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cosmopolita's Profile

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Craft beers in DC

Where I can buy craft beer in dc?
I would like to find some of these:
Or can you suggest me other? I have to make a gift and I have already tried to Rodman's and in a store near Cleveland Park Station metro but they do not have these beers.

Best place to eat and/or listen to great music.

Oh, thak you!

Best place to eat and/or listen to great music.

Thanks! But It seems an elegant place. Or am I wrong?
Do you know also alternative or fun places?

Best place to eat and/or listen to great music.

Hi, I have recently arrived in Washington DC and I would like to discover a typical places frequented by locals.
You can give me some suggestions?

Sweet wine

No, my English is terrbile, sorry!
I look for a suitable replacement because, for me, the best producer is only "Pelligrino" but I suppose that I can find it just in Italy.

Mar 24, 2011
cosmopolita in Wine

Sweet wine

So can I easily find the Moscotel de Setubal or Recioto di Soave in Washington?

Mar 24, 2011
cosmopolita in Wine

Sweet wine

Hi, I am italian and about a month I live in Washington dc.
I am looking for a dessert wine, like Passito di Pantelleria, a famous sweet wine/liquer italian.
I do not know what to buy.
Can you help me?

Mar 23, 2011
cosmopolita in Wine

Homemade Hot Chocolate Mix

Jan 31, 2011
cosmopolita in Recipes

Chocolate Cantucci Biscuits

Oct 19, 2010
cosmopolita in Recipes

Piadina - the Italian flat bread from Romagna

Sep 20, 2010
cosmopolita in Recipes

Italian Eggplant meatballs

Sep 08, 2010
cosmopolita in Recipes

Stuffed Mini Peppers

Jul 28, 2010
cosmopolita in Recipes

Vegetable Gratin

Jul 26, 2010
cosmopolita in Recipes

Marinated Zucchini ( Zucchini a Scapece )

Jul 22, 2010
cosmopolita in Recipes

Pepper to use for Cacio e Pepe

We use the very common black pepper, freshly ground.
Anyway I congratulate you. I am a roman doc and have never managed to cook a good Cacio e Pepe.
The most delicious dishes of Italian cuisine are simple and have few natural ingredients but are extremely difficult to prepare.

Jul 21, 2010
cosmopolita in Home Cooking

Zucchini Alla Scapece (Marinated Zucchini)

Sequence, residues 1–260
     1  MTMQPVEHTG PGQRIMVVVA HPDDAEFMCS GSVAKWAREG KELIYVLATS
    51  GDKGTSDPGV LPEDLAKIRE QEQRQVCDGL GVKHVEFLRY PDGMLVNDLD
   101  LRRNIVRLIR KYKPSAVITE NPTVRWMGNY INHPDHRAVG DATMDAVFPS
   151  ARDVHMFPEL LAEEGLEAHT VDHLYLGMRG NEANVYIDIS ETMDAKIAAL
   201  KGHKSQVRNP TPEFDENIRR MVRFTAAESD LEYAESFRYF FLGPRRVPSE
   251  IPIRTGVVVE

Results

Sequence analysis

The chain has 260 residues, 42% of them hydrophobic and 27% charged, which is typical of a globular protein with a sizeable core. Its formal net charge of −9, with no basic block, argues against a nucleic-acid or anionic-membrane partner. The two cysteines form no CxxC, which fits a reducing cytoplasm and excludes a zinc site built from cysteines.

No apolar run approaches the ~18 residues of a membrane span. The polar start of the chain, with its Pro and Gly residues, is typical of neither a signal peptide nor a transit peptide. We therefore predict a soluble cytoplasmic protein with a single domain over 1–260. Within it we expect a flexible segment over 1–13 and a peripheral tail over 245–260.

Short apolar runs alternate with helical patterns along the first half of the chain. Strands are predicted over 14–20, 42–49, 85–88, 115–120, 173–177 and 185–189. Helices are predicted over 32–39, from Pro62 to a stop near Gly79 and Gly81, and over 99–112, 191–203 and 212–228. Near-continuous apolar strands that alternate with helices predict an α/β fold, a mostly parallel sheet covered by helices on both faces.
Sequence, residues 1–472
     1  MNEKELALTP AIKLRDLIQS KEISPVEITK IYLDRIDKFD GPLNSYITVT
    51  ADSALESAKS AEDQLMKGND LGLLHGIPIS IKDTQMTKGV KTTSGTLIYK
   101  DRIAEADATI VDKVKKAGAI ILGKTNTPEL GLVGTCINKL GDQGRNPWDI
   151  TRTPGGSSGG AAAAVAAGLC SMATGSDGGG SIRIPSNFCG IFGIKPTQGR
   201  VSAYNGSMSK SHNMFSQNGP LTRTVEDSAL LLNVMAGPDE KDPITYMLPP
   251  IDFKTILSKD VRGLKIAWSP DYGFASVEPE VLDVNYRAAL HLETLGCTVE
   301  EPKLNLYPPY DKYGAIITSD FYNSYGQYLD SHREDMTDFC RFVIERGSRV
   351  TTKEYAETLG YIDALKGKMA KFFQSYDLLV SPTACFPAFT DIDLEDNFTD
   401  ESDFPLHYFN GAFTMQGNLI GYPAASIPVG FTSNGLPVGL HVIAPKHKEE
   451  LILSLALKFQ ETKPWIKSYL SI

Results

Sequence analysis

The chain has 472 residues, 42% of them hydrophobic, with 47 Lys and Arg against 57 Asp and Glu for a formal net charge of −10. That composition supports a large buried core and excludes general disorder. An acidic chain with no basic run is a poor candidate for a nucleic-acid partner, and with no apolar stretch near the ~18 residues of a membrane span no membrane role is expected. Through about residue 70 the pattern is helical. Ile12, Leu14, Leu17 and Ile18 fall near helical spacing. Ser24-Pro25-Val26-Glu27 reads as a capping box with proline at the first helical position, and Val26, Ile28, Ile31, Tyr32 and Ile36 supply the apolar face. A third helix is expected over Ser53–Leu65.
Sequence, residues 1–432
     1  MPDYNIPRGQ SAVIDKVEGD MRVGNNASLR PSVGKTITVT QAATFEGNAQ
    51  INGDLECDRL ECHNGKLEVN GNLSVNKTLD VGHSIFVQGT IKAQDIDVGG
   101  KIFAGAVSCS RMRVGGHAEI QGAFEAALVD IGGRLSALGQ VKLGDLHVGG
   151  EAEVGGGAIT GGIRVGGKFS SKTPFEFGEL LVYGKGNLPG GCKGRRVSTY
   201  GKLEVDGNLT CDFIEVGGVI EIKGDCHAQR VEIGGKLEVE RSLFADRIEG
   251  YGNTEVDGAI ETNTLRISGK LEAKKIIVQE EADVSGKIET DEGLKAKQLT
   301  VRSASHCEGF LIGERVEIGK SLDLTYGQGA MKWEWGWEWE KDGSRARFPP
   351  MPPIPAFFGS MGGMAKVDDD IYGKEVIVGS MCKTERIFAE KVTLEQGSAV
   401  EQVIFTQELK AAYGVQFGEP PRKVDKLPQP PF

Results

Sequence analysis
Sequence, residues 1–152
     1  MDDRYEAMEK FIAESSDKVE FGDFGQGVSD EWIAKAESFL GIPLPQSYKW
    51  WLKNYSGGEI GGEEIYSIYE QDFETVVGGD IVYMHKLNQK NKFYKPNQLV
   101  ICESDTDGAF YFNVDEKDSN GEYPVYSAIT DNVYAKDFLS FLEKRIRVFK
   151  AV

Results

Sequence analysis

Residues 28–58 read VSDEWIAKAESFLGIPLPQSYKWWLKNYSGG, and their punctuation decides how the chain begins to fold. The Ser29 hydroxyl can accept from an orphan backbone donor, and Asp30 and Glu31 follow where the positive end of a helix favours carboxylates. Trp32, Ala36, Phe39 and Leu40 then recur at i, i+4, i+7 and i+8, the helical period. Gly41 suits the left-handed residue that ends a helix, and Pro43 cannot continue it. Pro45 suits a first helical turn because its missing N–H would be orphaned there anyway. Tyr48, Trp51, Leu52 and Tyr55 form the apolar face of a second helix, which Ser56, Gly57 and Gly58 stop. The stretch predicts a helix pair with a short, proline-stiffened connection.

In Italy, zucchini are served in a variety of ways, this is one, very very good.

Zucchini a Scapece (marinated zucchini)

Scapece is one of the names of the classical way of preserving (mainly) fish and vegetables in vinegar. This dish is even better made a day in advance, as it gives the zucchini plenty of time to absorb the flavors of the garlic, mint and vinegar.

Ingredients: olive oil for frying - 1 kg of medium zucchini - 2 large garlic cloves - a handful of mint leaves - sea salt and pepper - 1 cup of white wine vinegar - 1 cup of water .

Directions: Slice the zucchini into 3-4 mm thick rounds. Place the sliced zucchini in a colander sprinkling with salt. After 1-2 hours rinse them in water and pat them dry ( to avoid an overly 'mushy' texture, to aid in browning and to concentrate the flavor of the fruit or vegetable. The traditional way to dry the zucchini is by laying them out in the sun, on a drying rack or simply on a cutting board, for an hour or two (depending on the strength of the sun) to dry, turning them halfway through. Heat the oil (to about 200C) and fry the zucchini in batches
Test it by putting a small piece of zucchini into the oil; it should sizzle immediately. Fry for about 3 to 5 minutes, until golden brown on the bottom.. Use a wire mesh strainer or large slotted spoon to transfer the zucchini slices to the lined platter to drain.
In a deep bowl, put fried zucchini slices and finely chopped garlic.
Chop and mash peppermint leaves and add into the bowl.
Place water and vinegar in a small pot and bring to boil. Reduce the heat so the liquid just simmers for another five minutes. Pour hot vinegar to cover the zucchini and leave to rest at room temperature for at least 24 hours before eating. After 3-4 days the flavor is at its best.